Thursday, May 14 2015
15:30 - 16:30

Hall 123

How does identifying subsets of cells in the human blood help in understanding heterogeneity in the human population?

Vineeta Bal

National Institute of Immunology, Aruna Asaf Ali Road, New Delhi, India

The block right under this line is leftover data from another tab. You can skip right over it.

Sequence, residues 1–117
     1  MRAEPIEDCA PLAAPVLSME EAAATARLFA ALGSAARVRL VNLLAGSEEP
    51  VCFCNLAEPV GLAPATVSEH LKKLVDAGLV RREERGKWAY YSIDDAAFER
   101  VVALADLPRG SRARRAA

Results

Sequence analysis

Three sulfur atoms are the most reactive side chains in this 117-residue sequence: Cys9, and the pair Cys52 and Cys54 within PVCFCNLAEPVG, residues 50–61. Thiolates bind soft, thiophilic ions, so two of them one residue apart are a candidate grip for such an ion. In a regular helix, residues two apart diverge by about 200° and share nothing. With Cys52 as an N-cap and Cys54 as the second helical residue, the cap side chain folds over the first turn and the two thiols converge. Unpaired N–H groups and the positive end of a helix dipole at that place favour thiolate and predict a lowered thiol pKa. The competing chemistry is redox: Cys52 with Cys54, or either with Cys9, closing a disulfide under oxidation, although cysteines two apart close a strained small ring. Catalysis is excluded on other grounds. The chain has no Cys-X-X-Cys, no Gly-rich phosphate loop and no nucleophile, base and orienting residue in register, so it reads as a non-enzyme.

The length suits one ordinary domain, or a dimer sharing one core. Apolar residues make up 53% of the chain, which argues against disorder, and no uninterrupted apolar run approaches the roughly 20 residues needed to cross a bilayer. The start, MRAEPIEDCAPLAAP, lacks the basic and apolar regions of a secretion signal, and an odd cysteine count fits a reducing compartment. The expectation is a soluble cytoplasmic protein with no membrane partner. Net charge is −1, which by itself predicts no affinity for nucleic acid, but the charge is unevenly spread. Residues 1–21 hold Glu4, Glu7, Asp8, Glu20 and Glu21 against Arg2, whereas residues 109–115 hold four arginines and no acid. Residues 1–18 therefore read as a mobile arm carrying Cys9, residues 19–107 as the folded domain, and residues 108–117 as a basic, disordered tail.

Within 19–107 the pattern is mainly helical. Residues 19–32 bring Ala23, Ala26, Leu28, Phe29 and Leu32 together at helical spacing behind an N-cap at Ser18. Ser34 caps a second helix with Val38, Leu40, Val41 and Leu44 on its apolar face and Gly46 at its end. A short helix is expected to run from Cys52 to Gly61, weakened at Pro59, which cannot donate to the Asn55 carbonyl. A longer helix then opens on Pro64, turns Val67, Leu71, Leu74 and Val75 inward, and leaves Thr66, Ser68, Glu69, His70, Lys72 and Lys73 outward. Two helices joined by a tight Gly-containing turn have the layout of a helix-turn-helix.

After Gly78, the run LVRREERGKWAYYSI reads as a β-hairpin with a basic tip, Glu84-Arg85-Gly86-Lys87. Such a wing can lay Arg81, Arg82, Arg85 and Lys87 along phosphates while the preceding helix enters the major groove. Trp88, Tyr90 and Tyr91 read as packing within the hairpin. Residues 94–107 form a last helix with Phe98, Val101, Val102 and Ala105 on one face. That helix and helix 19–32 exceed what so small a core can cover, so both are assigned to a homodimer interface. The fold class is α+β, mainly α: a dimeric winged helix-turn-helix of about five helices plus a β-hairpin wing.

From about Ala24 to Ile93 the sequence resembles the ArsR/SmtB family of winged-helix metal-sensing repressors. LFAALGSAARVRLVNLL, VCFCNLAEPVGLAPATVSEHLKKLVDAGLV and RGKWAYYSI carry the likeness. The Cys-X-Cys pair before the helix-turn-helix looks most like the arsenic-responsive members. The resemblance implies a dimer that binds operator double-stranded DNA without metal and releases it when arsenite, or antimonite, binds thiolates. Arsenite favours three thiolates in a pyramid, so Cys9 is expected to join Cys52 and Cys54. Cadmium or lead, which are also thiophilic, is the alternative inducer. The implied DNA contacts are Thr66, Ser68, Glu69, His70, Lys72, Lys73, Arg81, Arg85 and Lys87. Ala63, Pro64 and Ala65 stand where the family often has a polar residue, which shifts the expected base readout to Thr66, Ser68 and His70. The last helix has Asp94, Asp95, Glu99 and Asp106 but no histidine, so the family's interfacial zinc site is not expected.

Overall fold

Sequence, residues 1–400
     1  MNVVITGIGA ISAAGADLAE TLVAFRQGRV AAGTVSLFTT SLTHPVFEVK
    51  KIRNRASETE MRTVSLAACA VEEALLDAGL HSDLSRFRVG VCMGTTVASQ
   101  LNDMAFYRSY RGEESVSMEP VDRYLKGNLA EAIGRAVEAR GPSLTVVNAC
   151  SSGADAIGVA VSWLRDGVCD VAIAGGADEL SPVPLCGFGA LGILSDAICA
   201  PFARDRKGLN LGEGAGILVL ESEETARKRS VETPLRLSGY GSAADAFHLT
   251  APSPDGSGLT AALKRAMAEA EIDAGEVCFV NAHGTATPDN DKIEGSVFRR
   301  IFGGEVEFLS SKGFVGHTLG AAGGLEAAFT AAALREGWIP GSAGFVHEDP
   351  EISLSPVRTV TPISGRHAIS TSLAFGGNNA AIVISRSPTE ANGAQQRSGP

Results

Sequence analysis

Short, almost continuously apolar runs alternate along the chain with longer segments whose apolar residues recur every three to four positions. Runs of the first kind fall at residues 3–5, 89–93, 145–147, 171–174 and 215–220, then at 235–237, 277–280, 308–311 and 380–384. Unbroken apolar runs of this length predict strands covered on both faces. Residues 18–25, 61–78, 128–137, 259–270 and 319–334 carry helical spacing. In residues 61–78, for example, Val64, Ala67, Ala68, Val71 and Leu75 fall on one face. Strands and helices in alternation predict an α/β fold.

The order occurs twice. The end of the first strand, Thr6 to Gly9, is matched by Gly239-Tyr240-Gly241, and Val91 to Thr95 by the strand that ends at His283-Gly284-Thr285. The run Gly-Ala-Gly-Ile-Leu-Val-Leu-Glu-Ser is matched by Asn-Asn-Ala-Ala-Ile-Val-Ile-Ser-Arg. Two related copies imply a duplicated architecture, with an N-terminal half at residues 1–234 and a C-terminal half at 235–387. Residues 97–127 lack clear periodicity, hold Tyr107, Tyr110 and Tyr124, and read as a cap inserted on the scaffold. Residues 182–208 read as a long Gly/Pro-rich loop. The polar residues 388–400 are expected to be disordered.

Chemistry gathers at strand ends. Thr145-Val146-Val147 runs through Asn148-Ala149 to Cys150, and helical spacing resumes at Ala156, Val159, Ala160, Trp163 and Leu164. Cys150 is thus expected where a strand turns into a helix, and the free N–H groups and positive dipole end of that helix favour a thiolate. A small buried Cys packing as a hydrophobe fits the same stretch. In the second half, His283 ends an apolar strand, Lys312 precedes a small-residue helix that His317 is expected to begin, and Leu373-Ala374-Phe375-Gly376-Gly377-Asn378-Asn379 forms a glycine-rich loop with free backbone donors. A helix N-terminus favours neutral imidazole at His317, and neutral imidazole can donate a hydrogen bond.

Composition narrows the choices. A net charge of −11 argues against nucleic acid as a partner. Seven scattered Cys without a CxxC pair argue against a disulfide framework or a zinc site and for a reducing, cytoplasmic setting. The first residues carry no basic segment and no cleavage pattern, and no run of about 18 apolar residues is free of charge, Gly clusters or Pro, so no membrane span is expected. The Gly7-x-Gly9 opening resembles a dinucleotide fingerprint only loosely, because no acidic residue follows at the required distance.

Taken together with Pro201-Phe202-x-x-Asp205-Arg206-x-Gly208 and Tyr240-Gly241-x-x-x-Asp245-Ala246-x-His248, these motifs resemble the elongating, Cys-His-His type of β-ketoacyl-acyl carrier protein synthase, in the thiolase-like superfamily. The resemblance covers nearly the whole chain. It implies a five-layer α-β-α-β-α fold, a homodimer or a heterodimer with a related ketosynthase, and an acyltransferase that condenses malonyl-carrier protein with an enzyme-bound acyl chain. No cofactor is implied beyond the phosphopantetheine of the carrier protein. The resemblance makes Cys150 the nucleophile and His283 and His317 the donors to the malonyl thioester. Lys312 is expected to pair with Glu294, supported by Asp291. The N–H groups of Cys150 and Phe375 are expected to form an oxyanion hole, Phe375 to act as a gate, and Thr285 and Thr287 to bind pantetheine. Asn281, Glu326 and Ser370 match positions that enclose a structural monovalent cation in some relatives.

Human blood is considered the easiest and ethically acceptable source to study human health and disease. Many types of white blood cells (WBCs) are present in the blood apart from red blood cells, platelets etc. Using antibodies labelled with chemicals which emit fluorescence, many cell surface molecules can be identified on WBCs thus providing an avenue for documentation of proportions and numbers of various subsets such as T cells, B cells, monocytes etc. We have used this method, called flow cytometry, to identify about 20 subsets in WBC populations from healthy adult volunteers and from umbilical cord blood from normal deliveries. Umbilical cord blood collected at the time of delivery represents outcome of ‘sterile’ environment because during its residence in the mother’s womb, the baby is almost free from any exposure to bacteria or viruses. In contrast, healthy adults have very large number of bacteria and viruses, described as microbiome, present inside them. Thus, blood from healthy adult volunteers is likely to show influences of microbial exposure unlike cord blood. On this backdrop we identify cellular subsets and analyse their distribution in adult and cord blood samples. We propose that this approach helps in identifying origins of heterogeneity in certain cellular subsets in adult and cord blood.

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